Workers in for a mess as FG sets To Adopt ‘No Work No Pay’

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By Adunola Oladapo

The Federal Government has taken a critical look at the slew of strikes called by workers in the last two months, arriving at the conclusion that the industrial actions were targeted at pulling down the administration of President Muhammadu Buhari.

Rising from its deliberations on Wednesday, the Federal Executive Council, FEC, meeting presided over by President Muhammadu Buhari, resolved to activate the ‘no work no pay’ doctrine in order to check the excesses of workers in the public sector, particularly those who embark on strike arbitrarily.

Aside the ‘no work no pay’ policy, the government was also considering regarding the periods during which workers stayed on strike would as non-pensionable.

The Minister of Labour and Employment, Chris Ngige, who briefed State House correspondents at the end of the FEC meeting at the Presidential Villa, Abuja, said the law the Federal Government was banking on has been in existence and has been captured under the trade dispute Act.

Ngige insisted that the plethora of strikes in recent times were allegedly orchestrated to frustrate the current administration and portray it in bad light.

He said recent industrial actions ranging from the Academic Staff Union of Universities, ASUU; National Association of Resident Doctors, NARD; Senior Staff Association of Nigerian Universities, SSANU, among others, all flouted the constitutional provisions which stated that government must be well notified ahead of any strike.

Ngige said, “We have to do that because of the spate of industrial crisis we have suffered in the last two months, when we had plethora of strikes all over the place. So council has said this should be re-emphasised to workers so that they will know.

“Council looked at another recommendation in terms of people who are permanently doing union activities, they are presidents of trade unions for life and they sit tight, criticise those who are trying to do third term or fourth term while they themselves are sitting tight.

“It was agreed that my ministry should continue with our work in terms of fishing out the unions that don’t have constitutions that prescribed time limit for their elected officers. Such unions should be made to comply with the law, so that people can be elected, they serve out their term and other people will take their place. That is democracy in account.”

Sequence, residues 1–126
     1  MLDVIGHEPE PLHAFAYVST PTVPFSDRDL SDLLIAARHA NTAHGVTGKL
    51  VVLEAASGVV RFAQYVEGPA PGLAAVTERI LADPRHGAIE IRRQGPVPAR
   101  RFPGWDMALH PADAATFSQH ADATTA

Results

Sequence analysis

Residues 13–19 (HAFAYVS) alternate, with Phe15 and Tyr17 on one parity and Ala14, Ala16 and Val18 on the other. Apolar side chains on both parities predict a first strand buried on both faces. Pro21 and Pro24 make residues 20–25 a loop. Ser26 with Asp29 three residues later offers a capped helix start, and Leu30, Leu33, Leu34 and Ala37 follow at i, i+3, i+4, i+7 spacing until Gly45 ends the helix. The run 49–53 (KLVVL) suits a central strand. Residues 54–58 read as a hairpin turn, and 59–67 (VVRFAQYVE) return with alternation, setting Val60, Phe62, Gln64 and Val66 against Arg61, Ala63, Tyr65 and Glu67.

The Labour minister noted that part of other regulations which the government was considering is the need for affiliate labour unions to clearly spell out their tenure system and make such document available to the ministry that intercedes whenever there is labour dispute.

While furthering his argument, he explained that there was need to forestall situations where some union executives become sit-tight administrators, criticising government from their comfort zone on a persistent basis.

“There were certain industrial matters that were looked into today in council. Council had earlier directed the SGF to set up a technical committee on industrial relations matters in the federal public service. This committee was set up precisely on April 27, 2016.

“It was chaired by the SGF and co-chaired by the Head of Civil Service of the Federation. Members were Chairman of National Salaries, Wages and Income Commission; Ministry of Labour, Ministry of Health, Ministry of Science and Technology, Office of the Attorney General of the Federation and they produced a report. This report was all encompassing and council looked at it today.

“First and foremost the report emphasised the need to implement the law on no work no pay. The no work no pay is not a rule, neither is it a policy. It is a law captured on trade disputes Act of the federation.

“Section 43 to be precise says that workers have a right to disengage from an employer if there is a break down in discussions or negotiation. But for the period that the worker does so, the employer should not pay and those periods are to be counted as non-pensionable times in the period of work.

“So council today re-emphasised that that law is still in existing and that it should be brought to the knowledge of workers in the public and private sectors, especially those in the public sector,” Ngige said.

 

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